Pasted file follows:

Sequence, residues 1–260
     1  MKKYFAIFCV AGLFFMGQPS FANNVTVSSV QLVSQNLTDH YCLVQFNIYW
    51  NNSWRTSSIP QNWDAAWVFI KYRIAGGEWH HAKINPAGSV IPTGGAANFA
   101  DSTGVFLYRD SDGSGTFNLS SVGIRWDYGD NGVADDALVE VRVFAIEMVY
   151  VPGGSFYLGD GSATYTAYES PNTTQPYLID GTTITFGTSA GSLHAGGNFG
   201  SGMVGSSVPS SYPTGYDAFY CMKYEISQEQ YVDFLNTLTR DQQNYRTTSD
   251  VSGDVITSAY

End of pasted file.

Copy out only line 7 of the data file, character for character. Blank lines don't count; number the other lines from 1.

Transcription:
   251  VSGDVITSAY